“Cookies?” Annie frowned at the box on the kitchen counter.

“As you know, carbohydrates are our body’s source of fuel.  We have no energy if we don’t eat carbs,” laughed LJ as he bit into a chocolate chip cookie.

Annie gave him the side-eye, “I agree, but that cookie is not a healthy source of carbohydrates, especially since you’re getting ready to exercise. Not eating correctly before your workout means you won’t have enough energy to maximize your effort, and you won’t burn as many calories.

Ideally, two hours before exercising, you should eat healthy carbs like oatmeal or other whole-grain cereals.  Whole wheat sourdough toast (toasting breaks down some carbohydrates) is good, or a smoothie made of fat-free yogurt and banana with chia seeds. Also, an egg and mushroom omelet.  The key is to eat easy-to-digest carbs and avoid saturated fats and a lot of protein because it will make you feel sluggish. And don’t forget water to stay hydrated.”

LJ started stretching his legs, “I’m meeting the guys in 20 minutes for a run; that’s why I’m eating this cookie for a quick energy boost.”

“The only thing that cookie will do is give you a sugar high followed by a crash. Instead, try apple sauce, which is easy to digest, and its natural sugar gives you steady energy over a prolonged time. The amount of vitamin C in it also helps with recovery after exercise. Or how about a handful of one-part nuts and two-part raisins? They are another healthy snack whose nutritional support you would experience even if you consumed them right before exercising. For sure, you will have a more enjoyable workout and burn more calories.”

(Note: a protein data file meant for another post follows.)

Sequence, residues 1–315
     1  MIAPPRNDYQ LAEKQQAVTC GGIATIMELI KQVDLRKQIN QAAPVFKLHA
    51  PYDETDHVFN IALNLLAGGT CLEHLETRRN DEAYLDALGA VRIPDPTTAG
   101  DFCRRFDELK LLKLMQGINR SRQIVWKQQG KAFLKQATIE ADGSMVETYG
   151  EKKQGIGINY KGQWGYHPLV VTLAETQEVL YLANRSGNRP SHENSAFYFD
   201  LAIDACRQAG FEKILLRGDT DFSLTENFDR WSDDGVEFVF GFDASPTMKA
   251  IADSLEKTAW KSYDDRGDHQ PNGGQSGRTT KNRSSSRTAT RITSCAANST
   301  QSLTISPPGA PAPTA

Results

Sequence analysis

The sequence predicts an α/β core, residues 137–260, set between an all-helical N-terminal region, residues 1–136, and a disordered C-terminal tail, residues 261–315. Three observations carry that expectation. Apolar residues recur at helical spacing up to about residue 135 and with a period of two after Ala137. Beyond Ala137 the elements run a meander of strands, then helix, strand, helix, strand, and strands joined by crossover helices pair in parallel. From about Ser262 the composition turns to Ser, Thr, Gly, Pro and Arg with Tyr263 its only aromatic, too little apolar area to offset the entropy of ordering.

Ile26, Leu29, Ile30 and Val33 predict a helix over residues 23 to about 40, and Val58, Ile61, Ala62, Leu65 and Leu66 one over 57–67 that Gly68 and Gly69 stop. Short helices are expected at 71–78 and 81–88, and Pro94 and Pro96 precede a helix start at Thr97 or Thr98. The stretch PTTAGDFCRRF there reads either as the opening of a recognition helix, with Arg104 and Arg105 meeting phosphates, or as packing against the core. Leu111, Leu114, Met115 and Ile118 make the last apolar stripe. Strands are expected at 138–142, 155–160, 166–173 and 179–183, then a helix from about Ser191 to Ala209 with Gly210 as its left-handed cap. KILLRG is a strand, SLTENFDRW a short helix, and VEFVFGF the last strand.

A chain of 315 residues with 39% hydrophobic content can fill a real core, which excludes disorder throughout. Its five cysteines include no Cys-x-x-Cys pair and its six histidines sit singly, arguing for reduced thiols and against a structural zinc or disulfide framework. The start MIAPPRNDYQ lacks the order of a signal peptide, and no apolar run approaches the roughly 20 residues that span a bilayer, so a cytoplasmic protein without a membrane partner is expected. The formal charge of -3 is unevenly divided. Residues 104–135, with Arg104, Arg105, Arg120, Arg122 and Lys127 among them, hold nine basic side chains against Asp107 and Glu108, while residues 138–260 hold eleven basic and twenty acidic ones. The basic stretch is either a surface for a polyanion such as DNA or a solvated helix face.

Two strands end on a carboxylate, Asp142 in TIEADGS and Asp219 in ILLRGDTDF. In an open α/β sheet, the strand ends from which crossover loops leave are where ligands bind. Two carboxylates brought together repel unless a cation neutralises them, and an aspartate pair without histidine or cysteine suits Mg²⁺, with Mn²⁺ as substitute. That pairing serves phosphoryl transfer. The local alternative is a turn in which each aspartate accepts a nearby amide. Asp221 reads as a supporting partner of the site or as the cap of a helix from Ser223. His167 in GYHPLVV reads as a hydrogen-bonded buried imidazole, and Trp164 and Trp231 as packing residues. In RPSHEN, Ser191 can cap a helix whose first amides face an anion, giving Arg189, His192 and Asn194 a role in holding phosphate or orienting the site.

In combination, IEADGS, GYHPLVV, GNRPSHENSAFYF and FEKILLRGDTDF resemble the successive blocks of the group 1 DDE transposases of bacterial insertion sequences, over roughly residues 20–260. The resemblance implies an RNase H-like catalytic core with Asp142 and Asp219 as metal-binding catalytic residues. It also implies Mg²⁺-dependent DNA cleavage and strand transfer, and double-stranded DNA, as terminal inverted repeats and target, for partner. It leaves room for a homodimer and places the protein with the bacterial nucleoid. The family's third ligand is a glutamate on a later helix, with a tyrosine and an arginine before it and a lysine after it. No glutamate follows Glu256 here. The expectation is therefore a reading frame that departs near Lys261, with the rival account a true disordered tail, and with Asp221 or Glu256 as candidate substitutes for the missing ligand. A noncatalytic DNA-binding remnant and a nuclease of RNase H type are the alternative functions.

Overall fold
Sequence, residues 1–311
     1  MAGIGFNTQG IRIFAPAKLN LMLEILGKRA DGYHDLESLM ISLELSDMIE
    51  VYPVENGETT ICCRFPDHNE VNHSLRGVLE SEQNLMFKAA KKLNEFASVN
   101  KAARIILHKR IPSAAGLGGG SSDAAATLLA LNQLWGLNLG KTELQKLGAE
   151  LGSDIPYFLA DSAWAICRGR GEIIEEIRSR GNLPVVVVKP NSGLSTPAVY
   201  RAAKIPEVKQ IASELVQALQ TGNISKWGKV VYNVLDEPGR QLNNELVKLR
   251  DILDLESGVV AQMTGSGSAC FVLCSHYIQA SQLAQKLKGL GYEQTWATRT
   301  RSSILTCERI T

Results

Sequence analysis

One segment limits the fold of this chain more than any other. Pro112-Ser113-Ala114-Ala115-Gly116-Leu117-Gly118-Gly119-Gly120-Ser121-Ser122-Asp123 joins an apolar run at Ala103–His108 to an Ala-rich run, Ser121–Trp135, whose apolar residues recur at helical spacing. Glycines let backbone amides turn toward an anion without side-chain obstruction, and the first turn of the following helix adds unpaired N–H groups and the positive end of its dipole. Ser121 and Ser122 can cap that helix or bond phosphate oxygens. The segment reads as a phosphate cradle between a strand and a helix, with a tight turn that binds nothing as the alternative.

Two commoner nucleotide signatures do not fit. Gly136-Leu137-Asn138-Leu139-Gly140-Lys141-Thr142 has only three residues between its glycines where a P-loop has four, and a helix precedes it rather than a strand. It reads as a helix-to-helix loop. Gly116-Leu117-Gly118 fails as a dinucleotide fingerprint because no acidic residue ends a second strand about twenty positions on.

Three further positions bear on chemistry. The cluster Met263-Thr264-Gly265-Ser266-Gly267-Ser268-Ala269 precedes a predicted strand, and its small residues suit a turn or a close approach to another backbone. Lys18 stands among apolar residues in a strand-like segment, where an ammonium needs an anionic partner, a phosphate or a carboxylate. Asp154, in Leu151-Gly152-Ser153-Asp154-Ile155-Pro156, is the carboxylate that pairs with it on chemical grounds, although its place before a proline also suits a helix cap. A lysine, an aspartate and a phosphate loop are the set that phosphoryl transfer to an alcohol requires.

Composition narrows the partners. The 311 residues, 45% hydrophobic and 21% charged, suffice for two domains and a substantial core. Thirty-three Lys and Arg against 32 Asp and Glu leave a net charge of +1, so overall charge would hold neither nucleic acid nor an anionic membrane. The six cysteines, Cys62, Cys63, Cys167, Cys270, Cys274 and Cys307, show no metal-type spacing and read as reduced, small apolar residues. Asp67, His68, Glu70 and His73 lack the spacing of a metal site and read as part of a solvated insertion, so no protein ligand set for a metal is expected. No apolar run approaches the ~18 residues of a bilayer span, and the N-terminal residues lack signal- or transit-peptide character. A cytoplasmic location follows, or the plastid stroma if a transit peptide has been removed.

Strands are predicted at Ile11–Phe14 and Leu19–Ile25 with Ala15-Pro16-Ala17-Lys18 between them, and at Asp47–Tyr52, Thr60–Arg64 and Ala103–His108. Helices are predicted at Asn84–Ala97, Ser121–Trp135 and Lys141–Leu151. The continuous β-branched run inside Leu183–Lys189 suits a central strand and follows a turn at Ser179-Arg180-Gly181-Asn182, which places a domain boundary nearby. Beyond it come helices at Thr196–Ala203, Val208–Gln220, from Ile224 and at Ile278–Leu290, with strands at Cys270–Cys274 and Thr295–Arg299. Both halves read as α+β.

LJ wiped the crumbs off his shirt, “I won’t eat a cookie again before working out, but I am going to have a cold one with the guys after. Did you know the compounds found in non-alcoholic beer are beneficial, help with recovery, and prevent illness after running? Us runners experience internal inflammation due to the increased stress running places on our bodies. The immune system is temporarily suppressed when this happens, leaving it open to opportunistic viruses and other illnesses. After a run, scientists found drinking beer led to a less pronounced immune response and fewer infections and illnesses. We’re sticking to non-alcoholic beer because we don’t want to get drunk after running.”

“I did not know,” said Annie. “So be it, let’s just not make the mistake of thinking the carbs in beer are a great source of nutrition.”

“And now I know neither are cookies,” said LJ as he kissed her goodbye.

Annie and LJ are a fictional couple. Their storyline promotes healthy eating and earth-friendly practices.


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